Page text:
After Mass, the teens and missionaries sit down and eat together, the only sit-down meal most of the teens have all week.
Physical, spiritual poverty
The teens themselves come almost exclusively from broken homes. A couple of years ago, Lesnefsky asked the missionaries in Steubenville to collect as much data as they could on the kids who participated in the programs. Out of 400 kids, only one lived with both his parents.
“The statistics are staggering,” said Lesnefsky. “They just don’t know the dads.”
They do, however, know poverty. Most live in government subsidized housing with a parent or grandparent on government assistance. A few live in homes with no running water.
Hunger is common, which is why Lesnefsky makes sure to provide food at every event. But hunger isn’t the biggest problem these kids face.
“Mother Teresa said that the greatest poverty is to feel unwanted,” Lesnefsky said. “That’s the poverty most of our kids feel. It wreaks havoc in their lives. They don’t get that God loves them, because it seems like no one does.
“But when they start to discover that they are loved, that’s when you see the biggest transformation,” he added.
And there are transformations aplenty. Each year, dozens of participants enter the Church. Even more escape from the cycle of crime and violence. A few now dream of becoming priests. A few more serve as missionaries themselves.
Step into culture
One of those missionaries is Woody Levy, 20.
With one older sister addicted to drugs and another older brother dealing drugs, Levy said he was heading for a life of the same, when the the promise of free hot dogs led him to a Dirty Vagabond event.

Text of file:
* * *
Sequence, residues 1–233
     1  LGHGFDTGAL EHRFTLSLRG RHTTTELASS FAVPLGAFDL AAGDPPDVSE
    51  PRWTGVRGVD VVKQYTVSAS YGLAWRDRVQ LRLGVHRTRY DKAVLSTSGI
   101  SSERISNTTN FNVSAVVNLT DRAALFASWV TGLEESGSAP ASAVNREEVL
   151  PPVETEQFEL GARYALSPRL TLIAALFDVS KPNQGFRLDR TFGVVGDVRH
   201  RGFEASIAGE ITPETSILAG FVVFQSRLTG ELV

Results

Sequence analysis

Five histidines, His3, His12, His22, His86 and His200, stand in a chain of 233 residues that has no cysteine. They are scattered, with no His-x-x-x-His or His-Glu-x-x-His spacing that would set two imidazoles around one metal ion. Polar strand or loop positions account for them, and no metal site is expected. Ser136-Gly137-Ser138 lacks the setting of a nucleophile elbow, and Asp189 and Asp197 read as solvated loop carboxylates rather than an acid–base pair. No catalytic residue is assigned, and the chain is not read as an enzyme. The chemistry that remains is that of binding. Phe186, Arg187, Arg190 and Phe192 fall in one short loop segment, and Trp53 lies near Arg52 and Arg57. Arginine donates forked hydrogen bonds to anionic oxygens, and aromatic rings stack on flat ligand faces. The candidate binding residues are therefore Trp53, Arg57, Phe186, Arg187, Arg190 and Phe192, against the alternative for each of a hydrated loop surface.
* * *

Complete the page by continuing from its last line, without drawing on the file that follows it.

“At first, it seemed too good to be true,” he said. “I’d never experienced love like that. But eventually I saw it was real. That changed everything.”
Two years later, both Levy and one of his younger brothers entered the Church. A year later, his youngest brother followed suit. Today, Levy works as full-time lay missionary at a youth camp in Georgia, but hopes to return to Steubenville one day to work with Dirty Vagabond.
Allison Johnson, 18, has the same dream. Like Levy, the promise of free food and a safe place first drew her in. From there, the Eucharist kept her coming back.
“In the Masses they took us to, I got to experience God in a whole new way,” she said. “I felt love like I’d never felt love ever. I wasn’t willing to let anyone take that away from me. I wanted to be baptized, wanted to receive the Eucharist, wanted the whole thing. I didn’t want to sit in Mass anymore and watch everyone else receive it.”
Today, thanks to the help of Dirty Vagabond missionaries (as well as the generosity of others), Johnson is a sophomore double majoring in psychology and theology at Franciscan University.
“I know we don’t look like your typical youth ministry program,” said Lesnefsky. “But John Paul II said that if the Church holds back from the culture, the Gospel will fall silent. That’s what we’re trying to do. We’re trying to step into the culture of the inner-city, the corners where no one else wants to go, so that the Gospel doesn’t fall silent there.”
Emily Stimpson is an OSV contributing editor. For more information, visit